Israel has long been concerned about Iran’s nuclear ambitions and its potential threat to the Jewish state. In recent weeks, tensions have escalated as reports emerged that Israeli Prime Minister Benjamin Netanyahu has held secret meetings with his defense and intelligence chiefs to discuss a possible attack on Iran’s nuclear facilities.
According to a leaked report by Channel 12, Netanyahu has convened five meetings with Defense Minister Benny Gantz, Foreign Minister Yair Lapid, Mossad chief David Barnea and other senior officials to prepare for a credible military option against Iran. The report did not cite any sources, but some analysts speculated that it could have been deliberately leaked by Israeli officials to signal their resolve and intent to the international community.
Israel has repeatedly warned that it will not allow Iran to acquire nuclear weapons and that it will act alone if necessary to prevent that from happening. Netanyahu has also criticized the Biden administration’s efforts to revive the 2015 nuclear deal between Iran and world powers, known as the Joint Comprehensive Plan of Action (JCPOA), which he views as flawed and insufficient.
The JCPOA was designed to limit Iran’s uranium enrichment and other nuclear activities in exchange for sanctions relief. However, former President Donald Trump withdrew from the deal in 2018 and reimposed harsh sanctions on Iran, prompting Tehran to gradually breach its commitments under the agreement. Since then, Iran has enriched uranium up to 83.7% purity, installed advanced centrifuges, and reduced its cooperation with the International Atomic Energy Agency (IAEA), bringing it closer to the threshold of producing a nuclear bomb.
The Biden administration has expressed its willingness to rejoin the JCPOA if Iran returns to full compliance first. However, negotiations in Vienna have stalled since September 2021 amid disagreements over which sanctions should be lifted and how to verify Iran’s compliance. Meanwhile, Iran has continued its nuclear activities and demanded more concessions from the US and its European allies.
In this context, Israel sees itself as facing an urgent and existential threat from Iran. Netanyahu has argued that only a credible military threat or action can stop rogue nations from developing nuclear weapons. He has also warned that waiting too long would make such an action more difficult and risky.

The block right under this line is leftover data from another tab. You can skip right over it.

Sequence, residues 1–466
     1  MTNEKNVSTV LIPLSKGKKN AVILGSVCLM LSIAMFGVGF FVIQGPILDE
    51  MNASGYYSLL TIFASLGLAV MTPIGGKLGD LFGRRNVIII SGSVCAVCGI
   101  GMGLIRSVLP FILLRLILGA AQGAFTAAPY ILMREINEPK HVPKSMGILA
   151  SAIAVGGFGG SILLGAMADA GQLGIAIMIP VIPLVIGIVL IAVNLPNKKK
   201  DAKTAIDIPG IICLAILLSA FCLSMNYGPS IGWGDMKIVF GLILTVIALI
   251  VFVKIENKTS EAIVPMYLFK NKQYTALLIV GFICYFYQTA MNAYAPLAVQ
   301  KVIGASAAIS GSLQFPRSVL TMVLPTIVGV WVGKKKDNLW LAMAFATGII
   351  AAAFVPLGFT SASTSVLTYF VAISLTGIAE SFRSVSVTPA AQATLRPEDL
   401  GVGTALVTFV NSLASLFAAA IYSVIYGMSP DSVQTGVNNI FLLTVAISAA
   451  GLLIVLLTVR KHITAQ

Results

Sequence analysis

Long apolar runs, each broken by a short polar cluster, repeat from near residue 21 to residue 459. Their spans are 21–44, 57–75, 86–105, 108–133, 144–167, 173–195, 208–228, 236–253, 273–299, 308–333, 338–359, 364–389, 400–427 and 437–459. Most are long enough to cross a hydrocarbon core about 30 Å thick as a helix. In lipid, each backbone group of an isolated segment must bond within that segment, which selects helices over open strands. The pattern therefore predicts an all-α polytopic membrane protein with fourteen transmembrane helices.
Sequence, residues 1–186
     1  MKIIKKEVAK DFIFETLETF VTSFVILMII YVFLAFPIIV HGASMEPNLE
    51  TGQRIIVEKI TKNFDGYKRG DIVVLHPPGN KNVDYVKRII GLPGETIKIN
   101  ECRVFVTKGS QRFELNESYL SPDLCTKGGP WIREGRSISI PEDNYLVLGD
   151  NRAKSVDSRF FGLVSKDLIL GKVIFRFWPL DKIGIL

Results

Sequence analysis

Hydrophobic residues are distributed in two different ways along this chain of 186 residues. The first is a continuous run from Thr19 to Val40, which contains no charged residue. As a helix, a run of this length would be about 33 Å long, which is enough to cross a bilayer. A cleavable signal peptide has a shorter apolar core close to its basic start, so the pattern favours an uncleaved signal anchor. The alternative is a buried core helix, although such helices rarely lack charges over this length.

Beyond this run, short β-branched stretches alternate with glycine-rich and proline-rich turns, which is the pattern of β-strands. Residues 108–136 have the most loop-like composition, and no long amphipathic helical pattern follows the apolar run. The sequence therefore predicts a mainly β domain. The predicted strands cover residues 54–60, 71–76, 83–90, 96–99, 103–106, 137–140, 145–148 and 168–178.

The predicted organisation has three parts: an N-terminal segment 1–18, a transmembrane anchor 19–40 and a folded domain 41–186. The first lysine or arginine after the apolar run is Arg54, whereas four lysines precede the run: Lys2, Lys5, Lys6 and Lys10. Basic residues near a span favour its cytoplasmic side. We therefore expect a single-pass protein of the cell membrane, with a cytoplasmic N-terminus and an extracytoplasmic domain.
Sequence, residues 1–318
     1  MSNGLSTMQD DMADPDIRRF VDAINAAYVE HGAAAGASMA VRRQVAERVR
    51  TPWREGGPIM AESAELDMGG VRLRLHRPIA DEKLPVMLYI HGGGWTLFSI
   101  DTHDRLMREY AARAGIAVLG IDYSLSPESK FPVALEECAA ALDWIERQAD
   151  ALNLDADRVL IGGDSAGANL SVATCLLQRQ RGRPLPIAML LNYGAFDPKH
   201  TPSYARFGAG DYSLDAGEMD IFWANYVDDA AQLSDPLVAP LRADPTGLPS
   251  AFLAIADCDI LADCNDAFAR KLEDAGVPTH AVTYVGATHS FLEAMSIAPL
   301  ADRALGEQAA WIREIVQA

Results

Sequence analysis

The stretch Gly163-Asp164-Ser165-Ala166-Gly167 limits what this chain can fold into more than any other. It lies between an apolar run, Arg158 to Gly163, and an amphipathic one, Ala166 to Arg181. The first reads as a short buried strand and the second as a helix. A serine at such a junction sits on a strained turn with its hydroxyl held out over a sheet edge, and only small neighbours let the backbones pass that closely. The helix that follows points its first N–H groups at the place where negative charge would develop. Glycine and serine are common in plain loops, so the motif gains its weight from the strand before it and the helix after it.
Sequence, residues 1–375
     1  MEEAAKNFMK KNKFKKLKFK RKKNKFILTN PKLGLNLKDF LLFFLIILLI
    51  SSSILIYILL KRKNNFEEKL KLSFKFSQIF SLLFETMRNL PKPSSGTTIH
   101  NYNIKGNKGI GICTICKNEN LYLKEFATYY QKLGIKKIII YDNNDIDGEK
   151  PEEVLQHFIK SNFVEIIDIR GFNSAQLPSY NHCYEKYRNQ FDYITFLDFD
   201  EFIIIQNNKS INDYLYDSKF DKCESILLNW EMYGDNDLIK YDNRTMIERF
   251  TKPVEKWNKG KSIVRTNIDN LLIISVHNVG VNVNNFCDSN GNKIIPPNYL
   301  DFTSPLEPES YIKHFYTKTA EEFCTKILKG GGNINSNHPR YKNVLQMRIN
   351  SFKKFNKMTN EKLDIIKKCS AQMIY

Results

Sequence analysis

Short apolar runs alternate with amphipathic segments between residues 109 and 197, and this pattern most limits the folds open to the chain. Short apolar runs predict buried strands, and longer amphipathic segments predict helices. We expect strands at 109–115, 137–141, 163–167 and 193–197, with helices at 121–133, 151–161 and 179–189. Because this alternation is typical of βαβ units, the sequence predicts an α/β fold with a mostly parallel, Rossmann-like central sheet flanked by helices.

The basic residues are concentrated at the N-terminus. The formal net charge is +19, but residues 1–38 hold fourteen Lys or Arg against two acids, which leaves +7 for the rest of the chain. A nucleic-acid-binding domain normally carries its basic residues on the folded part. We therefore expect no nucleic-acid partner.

“The longer you wait, the harder that becomes. We’ve waited very long,” he said at a national security conference on Tuesday.
Netanyahu is not alone in his hawkish stance on Iran. He enjoys broad support from his coalition partners, including Lapid and Gantz, who have also voiced their opposition to returning to the JCPOA without significant changes. Moreover, he has strong backing from his public opinion, which overwhelmingly views Iran as Israel’s top enemy and supports a military strike if diplomacy fails.
However, launching a military strike on Iran’s nuclear sites would not be easy or without consequences. Israel would face many challenges and uncertainties in carrying out such an operation, including:
- The distance: Israel would have to fly over 1,000 kilometers across hostile airspace or use covert routes or bases to reach its targets in Iran.
- The defence: Israel would have to overcome Iranian air defence and possible counterattacks by Iranian proxies such as Hezbollah in Lebanon or Hamas in Gaza.
- The effectiveness: Israel would have to inflict enough damage on Iran’s dispersed and fortified nuclear facilities to set back its program significantly without causing civilian casualties or environmental disasters.
- The repercussions: Israel would have to deal with the diplomatic fallout of violating international law and provoking a regional war that could draw in other actors such as Russia or China.
Given these challenges and risks, some experts doubt that Israel would actually go ahead with a military strike on Iran unless it had no other choice. They argue that Israel may be using its threats as leverage or deterrence rather than as genuine intentions.
“Israel is readying its credible military option,” said Brig. Gen. (Reserves) Amir Avivi, founder and chairman of the Israeli Defense Security Forum. “But this does not mean that it will use it.”
Others suggest that Israel may be hoping for a covert or limited strike rather than a full-scale war. They point out that Israel has allegedly carried out several covert operations against Iranian targets in recent years, such as assassinating Iranian scientists or sabotaging Iranian facilities with cyberattacks or explosions.
“Israel may prefer low-intensity warfare rather than high-intensity warfare,” said Meir Javedanfar, an Iranian-Israeli expert at IDC Herzliya. “It may try to delay or disrupt rather than destroy.”